Bio-Rad BioPlex 2200 HIV Ag-Ab assay – the first FDA-approved diagnostic that differentiates between HIV-1 antibodies, HIV-2 antibodies, and HIV-1 p24 antigen in human serum or plasma specimens, now available in US. Two major types of HIV have been identified: HIV-1 and HIV-2. HIV-1 is responsible for most HIV infections throughout the world. HIV-2 is … Read more
Starting antiretroviral therapy early not only prevents serious AIDS-related diseases, but also prevents the onset of cancer, cardiovascular disease, and other non-AIDS-related diseases in HIV-infected people. A new analysis of data from the Strategic Timing of AntiRetroviral Treatment (START) study, the first large-scale randomized clinical trial establishes that earlier antiretroviral treatment benefits all HIV-infected individuals. … Read more
In first human study, new antibody therapy shows promise in suppressing HIV infection – In first human study, new antibody therapy shows promise in suppressing HIV infection. The new study, conducted in Michel Nussenzweig’s Laboratory of Molecular Immunology, finds that administration of a potent antibody, called 3BNC117, can catch HIV off guard and reduce viral loads.
An aggressive form of HIV uncovered in Cuba – One recombinant variant observed in patients in Cuba appears to be much more aggressive than other known forms of HIV. Patients progress to AIDS within three years of infection – so rapidly that they may not even realise they were infected.
Low cholesterol in immune cells slows HIV progression – Scientists at the University of Pittsburgh have identified why some HIV-infected people experience much slower disease progression, even without medication, and it has to do with cholesterol levels in specific immune cells.
UNAIDS reports a 52% reduction in new HIV infections among children and a combined 33% reduction among adults and children since 2001 – UNAIDS shows dramatic acceleration towards reaching 2015 global targets on HIV. New HIV infections among adults and children were estimated at 2.3 million in 2012, a 33% reduction since 2001. New HIV infections among children have been reduced to 260 000 in 2012, a reduction of 52% since 2001.
US Task Force Says Screen All Adults, Adolescents, and Pregnant Women for HIV – New recommendations from the United States Preventive Services Task Force (USPSTF) urge physicians to screen all adults and adolescents aged 15 – 65 for HIV. In addition, all pregnant women should receive screening, even those who are in labor but have not yet been screened.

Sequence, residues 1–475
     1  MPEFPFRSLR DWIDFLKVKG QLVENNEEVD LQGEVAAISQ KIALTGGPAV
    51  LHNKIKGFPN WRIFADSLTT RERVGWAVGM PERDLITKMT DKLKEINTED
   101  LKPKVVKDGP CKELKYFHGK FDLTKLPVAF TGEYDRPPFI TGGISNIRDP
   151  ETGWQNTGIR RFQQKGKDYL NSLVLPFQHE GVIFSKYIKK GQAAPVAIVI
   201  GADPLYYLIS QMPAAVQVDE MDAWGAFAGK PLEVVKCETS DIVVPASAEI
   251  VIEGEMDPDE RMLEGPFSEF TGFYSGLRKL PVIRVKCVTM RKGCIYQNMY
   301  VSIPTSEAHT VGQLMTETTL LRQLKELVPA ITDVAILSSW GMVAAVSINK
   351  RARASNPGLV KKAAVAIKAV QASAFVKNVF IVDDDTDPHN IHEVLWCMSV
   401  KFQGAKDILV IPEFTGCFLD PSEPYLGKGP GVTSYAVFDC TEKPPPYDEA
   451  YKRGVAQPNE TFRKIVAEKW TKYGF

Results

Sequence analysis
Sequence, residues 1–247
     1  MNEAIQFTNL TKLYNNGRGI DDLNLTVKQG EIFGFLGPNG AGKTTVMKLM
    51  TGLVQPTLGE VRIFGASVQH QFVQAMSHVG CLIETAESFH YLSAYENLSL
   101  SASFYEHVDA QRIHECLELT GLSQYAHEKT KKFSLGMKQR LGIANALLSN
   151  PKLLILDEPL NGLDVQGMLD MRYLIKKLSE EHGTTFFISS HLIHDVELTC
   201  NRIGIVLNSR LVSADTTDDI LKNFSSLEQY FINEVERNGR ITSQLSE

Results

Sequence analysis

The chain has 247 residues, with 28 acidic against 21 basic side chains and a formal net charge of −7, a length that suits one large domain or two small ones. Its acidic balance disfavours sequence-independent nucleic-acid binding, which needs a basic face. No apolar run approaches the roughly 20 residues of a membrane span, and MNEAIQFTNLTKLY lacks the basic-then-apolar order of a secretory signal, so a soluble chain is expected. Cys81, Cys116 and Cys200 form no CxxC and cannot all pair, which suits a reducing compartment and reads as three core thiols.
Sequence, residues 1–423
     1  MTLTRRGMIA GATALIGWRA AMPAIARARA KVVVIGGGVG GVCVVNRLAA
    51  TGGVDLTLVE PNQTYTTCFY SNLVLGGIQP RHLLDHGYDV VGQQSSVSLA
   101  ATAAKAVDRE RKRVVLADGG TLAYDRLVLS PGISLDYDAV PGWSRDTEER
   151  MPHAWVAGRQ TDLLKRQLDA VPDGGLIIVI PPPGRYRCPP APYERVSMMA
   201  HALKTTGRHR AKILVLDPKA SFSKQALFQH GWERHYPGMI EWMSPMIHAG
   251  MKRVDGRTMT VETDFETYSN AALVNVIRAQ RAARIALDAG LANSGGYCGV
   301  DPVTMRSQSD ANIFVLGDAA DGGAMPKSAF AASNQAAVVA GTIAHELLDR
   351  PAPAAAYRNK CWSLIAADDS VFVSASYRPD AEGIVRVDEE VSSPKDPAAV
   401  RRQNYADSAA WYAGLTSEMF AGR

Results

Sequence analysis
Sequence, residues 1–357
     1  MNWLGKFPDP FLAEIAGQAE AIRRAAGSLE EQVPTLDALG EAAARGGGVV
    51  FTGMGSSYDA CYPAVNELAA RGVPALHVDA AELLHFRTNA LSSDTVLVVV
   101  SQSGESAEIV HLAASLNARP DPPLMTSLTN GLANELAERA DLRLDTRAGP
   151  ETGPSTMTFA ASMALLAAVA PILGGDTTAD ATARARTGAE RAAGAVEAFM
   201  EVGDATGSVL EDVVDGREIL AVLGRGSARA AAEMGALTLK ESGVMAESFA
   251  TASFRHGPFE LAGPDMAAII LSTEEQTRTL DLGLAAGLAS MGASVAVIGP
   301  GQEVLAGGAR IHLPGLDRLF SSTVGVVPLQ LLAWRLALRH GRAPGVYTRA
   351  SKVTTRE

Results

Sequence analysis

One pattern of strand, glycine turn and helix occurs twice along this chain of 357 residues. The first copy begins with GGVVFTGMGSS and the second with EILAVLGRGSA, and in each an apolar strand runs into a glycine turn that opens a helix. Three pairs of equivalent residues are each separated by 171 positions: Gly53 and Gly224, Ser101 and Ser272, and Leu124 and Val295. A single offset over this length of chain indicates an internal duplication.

Nanoparticles loaded with bee venom kill HIV
– Nanoparticles carrying a toxin found in bee venom can destroy human immunodeficiency virus (HIV) while leaving surrounding cells unharmed, researchers at Washington University School of Medicine in St. Louis have shown. The finding is an important step toward developing a vaginal gel that may prevent the spread of HIV, the virus that causes AIDS.
Toddler ‘functionally cured’ of HIV infection, NIH-supported investigators report — Discovery provides clues for potentially eliminating HIV infection in other children – This is the first well-documented case of an HIV-infected child who appears to have been functionally cured of HIV infection. A two-year-old child born with HIV infection and treated with antiretroviral drugs beginning in the first days of life no longer has detectable levels of virus using conventional testing despite not taking HIV medication for 10 months.
Innovative policy to prevent mother-to-child transmission of HIV shows positive impact — New approach in Malawi dramatically increases the number of mothers on treatment – The number of pregnant and breastfeeding women in Malawi with HIV who started life-saving antiretroviral treatment increased by more than 700 percent in one year. The new treatment option, called Option B+, offers all pregnant or breastfeeding women infected with HIV lifelong antiretroviral treatment (ART), regardless of the stage of their HIV infection.